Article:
Few of the nontraditional home loans that triggered the financial crisis are still available, and lenders will have even more reason to avoid them now that the Consumer Financial Protection Bureau’s definition of presumably safe and sound mortgages is in effect.
But even though the CFPB’s so-called qualified mortgage standard became official on Friday, one type of loan it excludes — the interest-only mortgage — will remain a common offering for a certain category of borrower: well-off buyers of expensive homes.
Many banks that lend in high-end California markets plan to keep making these loans for affluent clients who want them. Often these are self-employed people capable of maintaining fat bank accounts while making sizable down payments, borrowers the banks say could afford traditional loans but want to maximize their cash available for other investments.
“Our risk group did an extensive review, analyzing performance by loan type,” said Wendy Cutrufelli, vice president of mortgage sales at San Francisco’s Bank of the West, which announced this week that it would continue to make interest-only loans.“They came out on the back end and said we’re good on interest only — you can continue to offer them.”
Because borrowers don’t pay down the principal on such loans, payments are lower for as long as the interest-only period lasts. The downside is that borrowers face far higher payments when that period expires, typically after five or 10 years, but the banks say that by their determination that is not a problem for well-to-do borrowers.
No one disputes that interest-only loans contributed to the mortgage meltdown. Like loans with initial “teaser” interest rates, and pay-option mortgages that allowed the balance to rise instead of fall, they were mass-marketed as affordability products during the housing boom, then soured in large numbers when it turned out borrowers couldn’t or wouldn’t pay them in the long term.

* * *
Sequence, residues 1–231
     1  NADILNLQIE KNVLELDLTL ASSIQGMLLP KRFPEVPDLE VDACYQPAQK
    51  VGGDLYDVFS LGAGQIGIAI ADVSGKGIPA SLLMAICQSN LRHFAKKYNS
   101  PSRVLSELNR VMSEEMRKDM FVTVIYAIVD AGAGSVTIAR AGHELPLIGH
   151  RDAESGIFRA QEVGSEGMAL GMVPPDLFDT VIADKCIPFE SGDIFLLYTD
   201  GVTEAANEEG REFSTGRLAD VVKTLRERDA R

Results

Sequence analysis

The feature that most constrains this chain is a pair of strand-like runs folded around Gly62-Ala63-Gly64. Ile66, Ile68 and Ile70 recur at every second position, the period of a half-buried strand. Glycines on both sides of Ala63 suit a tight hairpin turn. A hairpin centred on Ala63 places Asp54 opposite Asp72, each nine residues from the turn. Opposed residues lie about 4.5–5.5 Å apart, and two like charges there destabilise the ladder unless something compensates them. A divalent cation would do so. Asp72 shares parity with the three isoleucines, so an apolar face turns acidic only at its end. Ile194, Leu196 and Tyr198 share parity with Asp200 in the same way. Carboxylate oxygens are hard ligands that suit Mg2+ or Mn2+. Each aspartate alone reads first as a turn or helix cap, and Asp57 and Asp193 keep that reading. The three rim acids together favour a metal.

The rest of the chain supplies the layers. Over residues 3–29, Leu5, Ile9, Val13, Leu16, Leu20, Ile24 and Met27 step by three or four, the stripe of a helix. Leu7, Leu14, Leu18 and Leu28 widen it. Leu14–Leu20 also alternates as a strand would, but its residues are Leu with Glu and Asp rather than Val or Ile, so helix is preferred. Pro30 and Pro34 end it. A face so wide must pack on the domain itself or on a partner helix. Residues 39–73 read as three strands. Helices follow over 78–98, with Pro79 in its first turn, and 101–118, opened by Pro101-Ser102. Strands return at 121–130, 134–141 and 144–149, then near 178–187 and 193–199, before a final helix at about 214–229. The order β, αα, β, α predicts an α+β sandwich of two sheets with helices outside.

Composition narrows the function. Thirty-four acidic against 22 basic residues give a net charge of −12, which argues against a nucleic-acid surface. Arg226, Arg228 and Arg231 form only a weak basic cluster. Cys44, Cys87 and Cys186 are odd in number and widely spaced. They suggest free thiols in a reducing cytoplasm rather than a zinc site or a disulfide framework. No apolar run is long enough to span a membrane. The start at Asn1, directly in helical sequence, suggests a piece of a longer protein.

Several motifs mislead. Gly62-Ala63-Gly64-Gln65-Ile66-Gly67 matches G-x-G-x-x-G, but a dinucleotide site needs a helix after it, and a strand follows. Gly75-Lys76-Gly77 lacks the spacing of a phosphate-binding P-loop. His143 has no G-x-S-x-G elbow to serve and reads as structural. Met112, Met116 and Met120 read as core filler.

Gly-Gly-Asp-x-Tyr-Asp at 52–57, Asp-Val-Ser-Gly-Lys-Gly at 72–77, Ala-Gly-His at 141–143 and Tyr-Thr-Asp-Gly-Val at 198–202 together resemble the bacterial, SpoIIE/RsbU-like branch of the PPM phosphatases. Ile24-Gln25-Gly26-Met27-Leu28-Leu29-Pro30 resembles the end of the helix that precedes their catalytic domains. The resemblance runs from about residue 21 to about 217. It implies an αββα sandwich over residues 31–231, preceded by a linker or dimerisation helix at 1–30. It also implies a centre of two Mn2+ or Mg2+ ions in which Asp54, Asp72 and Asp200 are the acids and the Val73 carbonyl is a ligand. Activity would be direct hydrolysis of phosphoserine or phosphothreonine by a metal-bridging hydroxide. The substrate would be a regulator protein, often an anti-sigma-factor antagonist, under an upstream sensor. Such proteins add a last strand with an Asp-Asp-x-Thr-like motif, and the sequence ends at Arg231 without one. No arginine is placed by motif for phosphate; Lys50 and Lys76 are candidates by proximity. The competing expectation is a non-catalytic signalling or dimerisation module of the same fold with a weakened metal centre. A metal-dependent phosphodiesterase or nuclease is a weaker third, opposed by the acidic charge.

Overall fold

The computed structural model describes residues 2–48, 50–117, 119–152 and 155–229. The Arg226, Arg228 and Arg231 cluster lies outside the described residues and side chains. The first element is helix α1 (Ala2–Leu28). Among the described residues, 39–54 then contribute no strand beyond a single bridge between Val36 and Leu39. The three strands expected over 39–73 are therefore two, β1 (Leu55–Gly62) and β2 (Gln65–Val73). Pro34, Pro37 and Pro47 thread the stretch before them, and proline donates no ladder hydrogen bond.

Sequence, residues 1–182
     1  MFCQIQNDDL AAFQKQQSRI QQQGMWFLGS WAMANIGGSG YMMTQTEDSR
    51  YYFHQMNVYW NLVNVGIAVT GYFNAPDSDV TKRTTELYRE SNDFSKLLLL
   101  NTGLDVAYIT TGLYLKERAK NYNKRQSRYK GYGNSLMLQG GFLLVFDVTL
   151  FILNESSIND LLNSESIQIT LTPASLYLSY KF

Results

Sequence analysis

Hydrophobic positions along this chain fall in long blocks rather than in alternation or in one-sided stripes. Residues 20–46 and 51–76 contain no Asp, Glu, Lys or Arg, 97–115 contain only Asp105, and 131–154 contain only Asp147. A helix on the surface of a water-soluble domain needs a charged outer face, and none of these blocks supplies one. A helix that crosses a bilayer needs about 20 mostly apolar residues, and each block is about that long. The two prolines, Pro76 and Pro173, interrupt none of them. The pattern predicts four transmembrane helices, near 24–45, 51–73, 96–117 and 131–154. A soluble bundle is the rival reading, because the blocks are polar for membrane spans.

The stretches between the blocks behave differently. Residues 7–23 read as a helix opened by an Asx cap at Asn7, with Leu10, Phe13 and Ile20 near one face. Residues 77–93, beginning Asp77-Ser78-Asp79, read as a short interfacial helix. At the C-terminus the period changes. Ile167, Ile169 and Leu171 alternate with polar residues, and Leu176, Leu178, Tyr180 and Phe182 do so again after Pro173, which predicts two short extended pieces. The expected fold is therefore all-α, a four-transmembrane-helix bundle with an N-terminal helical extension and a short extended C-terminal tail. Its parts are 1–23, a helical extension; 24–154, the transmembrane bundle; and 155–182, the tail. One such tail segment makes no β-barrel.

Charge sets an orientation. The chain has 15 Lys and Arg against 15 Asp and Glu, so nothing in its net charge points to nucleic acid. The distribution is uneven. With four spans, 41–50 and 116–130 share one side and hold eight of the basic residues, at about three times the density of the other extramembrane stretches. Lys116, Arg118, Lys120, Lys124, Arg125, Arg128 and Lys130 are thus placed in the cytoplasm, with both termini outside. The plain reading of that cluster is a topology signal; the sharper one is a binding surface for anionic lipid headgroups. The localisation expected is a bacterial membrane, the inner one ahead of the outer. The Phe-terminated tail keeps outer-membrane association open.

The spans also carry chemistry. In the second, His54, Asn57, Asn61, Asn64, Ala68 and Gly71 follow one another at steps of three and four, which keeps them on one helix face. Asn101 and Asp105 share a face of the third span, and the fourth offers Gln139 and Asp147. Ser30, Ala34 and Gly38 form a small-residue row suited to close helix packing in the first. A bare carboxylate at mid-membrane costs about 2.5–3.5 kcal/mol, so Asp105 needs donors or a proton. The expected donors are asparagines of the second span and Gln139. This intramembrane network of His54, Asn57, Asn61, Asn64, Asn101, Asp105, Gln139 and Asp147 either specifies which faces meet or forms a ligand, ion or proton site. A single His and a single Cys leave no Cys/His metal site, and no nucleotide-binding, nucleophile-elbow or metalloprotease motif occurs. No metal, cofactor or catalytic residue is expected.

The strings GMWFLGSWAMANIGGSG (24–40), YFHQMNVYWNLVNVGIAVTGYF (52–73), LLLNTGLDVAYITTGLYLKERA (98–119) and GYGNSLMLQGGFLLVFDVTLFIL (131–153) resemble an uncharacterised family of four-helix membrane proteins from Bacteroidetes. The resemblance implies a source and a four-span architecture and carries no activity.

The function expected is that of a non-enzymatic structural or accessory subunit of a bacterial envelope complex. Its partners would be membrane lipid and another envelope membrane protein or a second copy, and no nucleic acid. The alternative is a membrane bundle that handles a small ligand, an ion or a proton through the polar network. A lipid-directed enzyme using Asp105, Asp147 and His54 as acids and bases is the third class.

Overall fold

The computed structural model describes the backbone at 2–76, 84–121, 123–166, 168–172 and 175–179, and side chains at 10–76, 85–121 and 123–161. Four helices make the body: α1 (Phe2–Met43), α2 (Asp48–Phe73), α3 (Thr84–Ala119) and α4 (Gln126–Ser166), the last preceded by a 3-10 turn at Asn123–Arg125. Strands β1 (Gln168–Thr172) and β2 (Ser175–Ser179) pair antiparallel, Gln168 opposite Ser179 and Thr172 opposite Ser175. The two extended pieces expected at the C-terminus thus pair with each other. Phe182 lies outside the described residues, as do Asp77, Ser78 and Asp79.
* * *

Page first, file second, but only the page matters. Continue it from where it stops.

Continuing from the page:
“Reason and sound judgment were absent when many banks and other mortgage businesses lent to consumers without even considering whether they could pay back the money,” CFPB Director Richard Cordray said at a hearing Thursday in Phoenix. “The supposedly rational market had become wildly irrational.”
But interest-only loans made to wealthy borrowers have generally held up well, and many bankers have continued to write them for the jumbo mortgage market — loans too large for sale to Fannie Mae and Freddie Mac, meaning more than $625,500 in expensive areas such as much of California.
Some lenders, like Bank of the West, offer mortgages with an initial interest-only period to borrowers who need smaller loans. But most such borrowers don’t have the large down payments and hefty reserves of cash or liquid assets that are now standard for interest-only loans. Cutrufelli said Bank of the West, a unit of France’s BNP Paribas Group, writes only a handful of them.
“These types of loan products are typically sought out by affluent borrowers who meet strict qualifying standards,” Stuart Bernstein, executive vice president for consumer lending at Union Bank, said this week.
San Francisco-based Union, a subsidiary of Japan’s Mitsubishi UFJ Financial Group, has offered interest-only loans for more than a decade, including a popular type of jumbo loan that has the rate fixed for the first 10 years before borrowers must start paying down the balance. Union will continue offering the loans to borrowers who can qualify, Bernstein said.
Other banks that will continue to offer jumbo interest-only loans include Wells Fargo, Bank of America, JPMorgan Chase and City National. The latter makes a point of emphasizing to analysts how its portfolio of jumbo mortgages, including interest-only loans, experienced nearly no defaults during the housing bust.